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Londons air quality alerts system to be improved

The Mayor of London, Sadiq Khan, has announced plans to improve the public alerts system warning people about incidents of poor air quality in the capital.

City Hall has appointed King’s College London as duty forecaster, which will see the institution offer live data on air pollution levels in the capital and help to warn residents when air quality is at its poorest.

King’s College London has been appointed Duty Forecaster by the Mayor of London to monitor air pollution

From next week King’s Environmental Research Group will continuously monitor air pollution in London using the existing air quality monitoring network and modelling tools, delivering alerts as required.

They will also directly notify a wider group of stakeholders so that the alerts are disseminated more widely and targeted at Londoners who are most vulnerable to the impacts of poor air, including those at schools, and potentially care homes, and GPs surgeries in the near future.

The new King’s duty forecaster will consider forecasts from airText and other forecasters to ensure greater coordination and consistency in alerts messaging.

Alerts

airTEXT provides text and other alerts to around 16,000 Londoners, including those with health conditions which polluted air can exacerbate. The model-based forecast that airTEXT uses will be improved to incorporate real-time monitoring data so that in-day updates can be issued.

This will complement air quality alerts displayed at many public locations across London including 2,500 bus stop countdown signs and all Tube stations. Alerts and guidance are also available via social media, an app and a text alert service providing information and guidance on the alert level.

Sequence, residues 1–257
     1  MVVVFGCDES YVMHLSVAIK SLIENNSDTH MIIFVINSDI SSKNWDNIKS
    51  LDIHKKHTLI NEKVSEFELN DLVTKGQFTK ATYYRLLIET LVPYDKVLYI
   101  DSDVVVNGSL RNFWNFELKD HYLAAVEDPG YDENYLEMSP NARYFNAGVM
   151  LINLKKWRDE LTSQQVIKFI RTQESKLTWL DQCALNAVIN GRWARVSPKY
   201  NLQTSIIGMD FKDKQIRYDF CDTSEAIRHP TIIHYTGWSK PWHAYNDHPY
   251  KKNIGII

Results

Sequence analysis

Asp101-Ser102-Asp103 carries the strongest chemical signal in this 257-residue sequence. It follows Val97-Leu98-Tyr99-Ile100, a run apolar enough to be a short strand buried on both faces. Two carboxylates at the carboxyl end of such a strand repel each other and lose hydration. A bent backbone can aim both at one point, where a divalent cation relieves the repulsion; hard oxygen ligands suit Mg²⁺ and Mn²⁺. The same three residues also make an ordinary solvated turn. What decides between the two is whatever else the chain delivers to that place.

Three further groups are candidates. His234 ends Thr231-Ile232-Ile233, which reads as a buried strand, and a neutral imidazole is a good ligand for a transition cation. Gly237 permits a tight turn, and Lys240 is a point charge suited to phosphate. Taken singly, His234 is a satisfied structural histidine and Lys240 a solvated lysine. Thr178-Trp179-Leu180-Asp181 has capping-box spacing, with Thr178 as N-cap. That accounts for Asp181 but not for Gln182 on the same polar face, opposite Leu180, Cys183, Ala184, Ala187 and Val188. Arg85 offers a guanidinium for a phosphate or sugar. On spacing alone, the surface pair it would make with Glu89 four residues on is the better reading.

In London, alerts are displayed on the day before and during high air pollution episodes

The Mayor is also publishing guidance today on how air quality is monitored in London, how Londoners can get involved and how they can understand what type of equipment is available for them to use.

The guide gives an overview of current monitoring in London and highlights resources to help Londoners design their own studies, information on types of monitors and how to interpret results.

Information

The Mayor of London, Sadiq Khan, said: “I introduced air quality alerts within months of becoming Mayor because Londoners have a right to know about the quality of the air that they breathe.

“The system has proved to be very successful but I am delighted to bring the expertise of King’s College London on-board so that we can improve it and reach more Londoners, particularly the most vulnerable, with the very latest information.

“At long last we are seeing some improvements in our toxic air, but there is a long way to go before we can breathe easy. I want more Londoners to engage with air quality issues so I am sure the new guidance that I have published today will encourage people to learn more about the air they breathe and what they can do to improve it.â€?

Timothy Baker, Principal Air Quality Analyst at King’s College London, said: “This new role for King’s College London recognises that our twenty five year history of monitoring across London, in partnership with London’s boroughs, has given us an unrivalled understanding of air pollution in the Capital.

“Providing accurate, up-to-date information to the public is a central component of King’s civic duty, and this exciting new partnership with Sadiq Khan, the Mayor of London, will enable that message to be delivered directly to those most affected by air pollution.â€?

Amy Stidworthy of CERC, who issue the airText forecasts, said: “We are delighted to work with the Mayor and King’s College London to ensure that Londoners receive the best possible warning of air pollution episodes. As part of our continual improvement of airText we will be linking our modelling more closely with real time measurements of air quality across London to provide the very latest information.â€?

Related Links
London Air Quality Network
airText
Mayor of London – Air Quality Monitoring Guidance

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